I’ve mentioned before that I have a variety of anti-this and anti-that drugs to protect me while my immune system is down, but that was a bit generic. So, in all its glory, here’s the list of what I’m currently getting (as far as I remember):

Norton motorcycles badge
More fun than anti-virus

Aciclovir – anti-viral, like, erm, Norton Anti-Virus, though in tablet form. I always prefer it when people say: “Ah, Norton – like the motorbike?”
Caphosol – technically this is a mouthwash, rather than a drug, but it’s done such a good job so far (touch wood – haha) that I thought it worth a mention. It’s a saline solution, but involves mixing two bottles before swishing around the mouth, so I’m sure there’s more to it than that.
Domperidone aka Dom Perignon – not quite as tasty as the champagne, but more powerful in preventing nausea, and given as a tablet, not in a bottle with a poppable cork.
Itraconazole – a disgusting anti-fungal medicine that is unfortunately delivered in liquid form twice a day, although it’s a bit better when washed down with some Coke.
Lactulose – unfortunately, my earlier bouts of diarrhoea left their mark, so this makes sure going to the loo is a bit more comfortable. I have a couple of other things to help there, too, but I expect you’ve already heard more than you would ever want to know about that.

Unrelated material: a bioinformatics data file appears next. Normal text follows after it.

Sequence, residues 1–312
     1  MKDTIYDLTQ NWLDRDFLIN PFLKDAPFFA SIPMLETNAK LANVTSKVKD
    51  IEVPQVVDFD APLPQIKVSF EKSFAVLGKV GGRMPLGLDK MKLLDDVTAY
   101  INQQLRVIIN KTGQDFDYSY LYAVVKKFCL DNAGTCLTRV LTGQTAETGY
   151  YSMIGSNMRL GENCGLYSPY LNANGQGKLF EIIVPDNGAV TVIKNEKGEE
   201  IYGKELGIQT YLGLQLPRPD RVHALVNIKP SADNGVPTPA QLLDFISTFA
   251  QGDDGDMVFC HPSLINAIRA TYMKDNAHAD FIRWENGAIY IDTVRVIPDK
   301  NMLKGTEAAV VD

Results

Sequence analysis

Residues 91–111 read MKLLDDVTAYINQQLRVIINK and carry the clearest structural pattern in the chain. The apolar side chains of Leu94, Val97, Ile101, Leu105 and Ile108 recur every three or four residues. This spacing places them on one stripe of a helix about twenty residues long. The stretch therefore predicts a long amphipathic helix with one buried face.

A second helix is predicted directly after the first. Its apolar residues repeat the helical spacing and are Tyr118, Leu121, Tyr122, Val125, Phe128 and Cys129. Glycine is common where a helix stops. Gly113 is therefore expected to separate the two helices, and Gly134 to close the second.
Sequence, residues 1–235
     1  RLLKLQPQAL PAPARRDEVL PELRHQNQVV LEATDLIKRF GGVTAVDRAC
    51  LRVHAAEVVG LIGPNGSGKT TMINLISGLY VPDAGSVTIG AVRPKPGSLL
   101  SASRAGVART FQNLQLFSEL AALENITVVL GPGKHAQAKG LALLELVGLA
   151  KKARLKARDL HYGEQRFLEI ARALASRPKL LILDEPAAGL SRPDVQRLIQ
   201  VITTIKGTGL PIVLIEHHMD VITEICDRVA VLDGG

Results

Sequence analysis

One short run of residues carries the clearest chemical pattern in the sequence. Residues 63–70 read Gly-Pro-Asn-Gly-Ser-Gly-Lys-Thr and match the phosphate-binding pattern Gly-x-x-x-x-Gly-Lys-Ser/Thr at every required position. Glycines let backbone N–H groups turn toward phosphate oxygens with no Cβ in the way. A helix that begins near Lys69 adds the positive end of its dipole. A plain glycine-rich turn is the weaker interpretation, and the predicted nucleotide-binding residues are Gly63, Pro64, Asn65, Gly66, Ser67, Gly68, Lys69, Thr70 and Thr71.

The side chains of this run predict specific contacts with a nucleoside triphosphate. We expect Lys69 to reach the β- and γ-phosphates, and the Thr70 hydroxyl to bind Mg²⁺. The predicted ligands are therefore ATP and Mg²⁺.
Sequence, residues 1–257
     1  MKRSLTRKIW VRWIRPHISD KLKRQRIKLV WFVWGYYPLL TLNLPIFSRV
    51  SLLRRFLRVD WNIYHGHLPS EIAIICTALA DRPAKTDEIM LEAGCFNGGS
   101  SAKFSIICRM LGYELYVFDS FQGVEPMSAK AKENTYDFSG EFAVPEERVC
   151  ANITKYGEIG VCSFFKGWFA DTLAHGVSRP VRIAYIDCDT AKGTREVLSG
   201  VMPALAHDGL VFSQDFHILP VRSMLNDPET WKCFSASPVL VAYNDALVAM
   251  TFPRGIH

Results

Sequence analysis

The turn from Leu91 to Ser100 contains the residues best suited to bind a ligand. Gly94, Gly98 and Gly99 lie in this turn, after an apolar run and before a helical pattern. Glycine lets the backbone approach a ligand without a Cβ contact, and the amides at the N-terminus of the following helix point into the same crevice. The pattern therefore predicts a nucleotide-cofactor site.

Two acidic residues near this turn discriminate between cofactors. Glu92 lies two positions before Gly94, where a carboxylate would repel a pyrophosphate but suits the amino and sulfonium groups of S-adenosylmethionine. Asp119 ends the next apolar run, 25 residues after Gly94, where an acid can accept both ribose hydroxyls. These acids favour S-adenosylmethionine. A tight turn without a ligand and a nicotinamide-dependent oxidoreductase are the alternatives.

Omeprazole – as far as I can tell, this tablet is to prevent ulcers in the stomach, for which I am grateful.

St George statue in Georgia
Charge! (photo by Levan Verdzeuli Photography)

Unnamed antibiotic (though it probably has a name) – I like to imagine this all-purpose antibiotic patrolling my body, possibly on a horse and carrying a lance, seeking out and attacking any infections before they get serious. I’m not sure that’s exactly how it works, though. It’s not as powerful as the Domestos they dragged out when I was spiking a temperature, though.

That’s all I can remember at the moment, though I have a couple of creams for my skin (Diprobase) and lips (Yellow Soft Paraffin), as they both get very dry very quickly in here. The tablets are not really an annoyance – they all get washed down in one gulp, and I haven’t noticed any particular side-effects. That itraconazole is disgusting, though.

It’s Day 30 post-chemo, but there are still no real signs of neutrophils (the occasional 0.1 has invariably been followed by 0.0 the following day). I’m a few days past the median for neutrophil recovery, but every individual reacts differently, and it is probably just a combination of the intensity of the chemo and the amount of chemo my bone marrow has put up with over the years.

Perhaps it’s time for another biopsy!

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